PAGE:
Tony Blair looked greyer than ever as he lightfooted it into the auditorium. “He still hasn’t had the surgery to pin back his ears”, I noted to the chap I had been talking to on my right, “I don’t meant to be rude, but he’s still got that sticky-outy look. I would have thought that would be the first thing he’d do with all the money.”
My conversation partner and I at the Policy Network conference “The Politics of Climate Change : From Economic Crisis to Business Revolution” held at the London School of Economics, had been discussing the merits and numbers of security gentlemen in the room. “They’re so obvious”, he said. “Yes, the way they stand there staring at everyone with their hands clasped in front of their privates”, I said. “Funnily enough, I can’t see any wires in their ears…” and which point one of the beefy suits spoke into his wristwatch.
We had been exchanging on why there were so many spooks with guns in the hall. “Must be for Mr T. Blair”, I asserted, although my correspondent was of the opinion that they were there to protect the Norwegian Foreign Minister, Jonas Gahr Store.
Later on the London Underground I was to learn that his hunch had probably been correct. Tim Helweg-Larsen (of the Public Interest Research Centre) reminded myself and Oliver Tickell (author of the Kyoto2 book), that Norway had a huge sovereign wealth fund, because they’d taken the decision to “build the fjords” so that they could have massive amounts of hydropower, and so be able to sell all their Petroleum Oil to bulk up the national savings. Jonas represents a lot of hard cash.
“No, they didn’t build the actual fjords”, said Tim when Oliver queried that. “That was Slartibartfast”, I interjected. “No, it was the mice”, said Tim.
Anyway, back to Tony Blair.
He stood erect at the podium, rather like someone had just performed haemorrhoid surgery on him, without anaesthetic, with a blunt rusty penknife.
My right hand man didn’t comment on it, but Tim later did : that Tony Blair’s chest was pushed forward. We agreed that it was either working out on the beach that did it, or the light body armour vest under his shirt. Which would have explained by he sat so awkwardly in the soft red chair on the stage when he finished speaking.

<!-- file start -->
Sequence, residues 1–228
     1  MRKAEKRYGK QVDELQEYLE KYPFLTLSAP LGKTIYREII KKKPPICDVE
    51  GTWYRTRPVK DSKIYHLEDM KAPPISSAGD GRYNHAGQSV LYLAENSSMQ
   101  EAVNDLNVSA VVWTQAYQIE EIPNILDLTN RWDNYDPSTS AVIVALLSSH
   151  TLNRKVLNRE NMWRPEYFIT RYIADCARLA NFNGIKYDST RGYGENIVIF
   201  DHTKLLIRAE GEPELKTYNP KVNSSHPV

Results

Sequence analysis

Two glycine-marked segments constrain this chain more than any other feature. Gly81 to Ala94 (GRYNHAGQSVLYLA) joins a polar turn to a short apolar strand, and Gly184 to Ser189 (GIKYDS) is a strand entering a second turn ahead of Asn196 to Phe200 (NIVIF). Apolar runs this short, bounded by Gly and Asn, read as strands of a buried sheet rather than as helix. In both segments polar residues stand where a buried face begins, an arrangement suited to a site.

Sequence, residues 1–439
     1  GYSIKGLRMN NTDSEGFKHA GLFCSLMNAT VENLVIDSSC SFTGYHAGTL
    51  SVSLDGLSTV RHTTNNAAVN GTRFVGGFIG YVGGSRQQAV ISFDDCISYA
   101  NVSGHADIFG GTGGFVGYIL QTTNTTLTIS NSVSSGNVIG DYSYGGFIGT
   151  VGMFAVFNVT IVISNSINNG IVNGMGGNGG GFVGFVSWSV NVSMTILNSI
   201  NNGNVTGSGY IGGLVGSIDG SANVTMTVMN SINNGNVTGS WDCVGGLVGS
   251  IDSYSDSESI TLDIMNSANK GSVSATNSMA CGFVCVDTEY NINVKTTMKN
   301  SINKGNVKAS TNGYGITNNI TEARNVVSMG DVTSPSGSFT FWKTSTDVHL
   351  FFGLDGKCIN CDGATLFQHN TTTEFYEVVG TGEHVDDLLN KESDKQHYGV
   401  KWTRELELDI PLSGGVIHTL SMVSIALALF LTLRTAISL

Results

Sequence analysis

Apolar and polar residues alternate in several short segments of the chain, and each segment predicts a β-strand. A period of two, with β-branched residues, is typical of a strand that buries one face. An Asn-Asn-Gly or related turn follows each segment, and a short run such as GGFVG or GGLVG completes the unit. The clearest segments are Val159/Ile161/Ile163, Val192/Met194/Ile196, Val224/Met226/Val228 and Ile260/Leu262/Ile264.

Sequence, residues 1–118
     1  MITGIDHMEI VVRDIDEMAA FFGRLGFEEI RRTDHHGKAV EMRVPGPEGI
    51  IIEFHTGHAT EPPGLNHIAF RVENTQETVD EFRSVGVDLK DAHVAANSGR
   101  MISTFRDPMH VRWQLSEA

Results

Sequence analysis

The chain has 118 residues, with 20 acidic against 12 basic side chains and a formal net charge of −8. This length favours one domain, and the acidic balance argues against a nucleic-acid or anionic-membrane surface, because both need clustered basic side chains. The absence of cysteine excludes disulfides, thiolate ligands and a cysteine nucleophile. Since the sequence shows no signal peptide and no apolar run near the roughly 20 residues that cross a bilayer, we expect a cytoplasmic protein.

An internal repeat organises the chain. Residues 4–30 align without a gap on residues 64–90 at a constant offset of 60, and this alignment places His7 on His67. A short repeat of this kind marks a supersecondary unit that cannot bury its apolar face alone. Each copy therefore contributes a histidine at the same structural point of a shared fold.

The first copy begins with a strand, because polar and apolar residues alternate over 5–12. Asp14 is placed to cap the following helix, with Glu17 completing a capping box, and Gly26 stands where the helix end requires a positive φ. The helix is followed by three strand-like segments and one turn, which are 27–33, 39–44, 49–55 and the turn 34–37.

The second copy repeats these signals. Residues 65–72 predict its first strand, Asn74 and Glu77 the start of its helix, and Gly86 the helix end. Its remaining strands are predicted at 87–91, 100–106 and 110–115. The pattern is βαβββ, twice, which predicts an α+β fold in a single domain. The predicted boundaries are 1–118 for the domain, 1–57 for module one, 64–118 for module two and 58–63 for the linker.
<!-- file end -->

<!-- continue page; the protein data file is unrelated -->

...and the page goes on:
What he actually said at the microphone ? On Climate Change, “this issue is almost the most positive example of modern politics…based on the notion of shared interest”, and that equitable solutions will have to be found.
Global Warming, he explained, is the result of “probably perfectly natural consequences of the increase in industrial activity”, with growth in economies and population “we have a store of Carbon Dioxide in the atmosphere…on any basic precautionary principle”, it’s worthwhile tackling emissions.
He said that “we are coming together in circumstances where there are still people questioning…for most policymakers worldwide that question is over.”
Now, he argued, the problem is more prosaic, “is there space and time in people’s minds to turn attention to Climate Change ? The Economic Crisis doesn’t stop Climate Change occurring. On the contrary, the Economic Crisis is the reason and the way to move forward…take our environmental responsibility seriously…the very time we should be acting…”
Of the “fiscal stimuli” that have taken place around the world, as governments have purloined, I mean, borrowed, large amounts of public money to save enterprise and banks from collapse, of the “$3trillion worldwide, at least $500billion [will be spent on] Green Energy…This is the very moment we’re going to spend [large] amounts of money…this is the very moment to spend…to grow sustainably.”
He mentioned Energy security from spending less on Oil. He mentioned the Chinese concept of “wei chi” (spelling ?), both a crisis and an opportunity at the same time. He said that in the United Kingdom we already employ more people in environmental technology than on fossil fuels.
Climate Change, he asserted, “requires a change probably as profound as what became the Industrial Revolution. To reach a 60% cut [in anthropogenic surplus Carbon Dioxide emissions] globally by 2050 it will require America to go to a tenth of their per capita emissions [of] today…[when you consider that] for the UK…[the drop from] something like 560 grams of [Carbon Dioxide emissions] per kilowatt hour to 52 – you begin to understand.”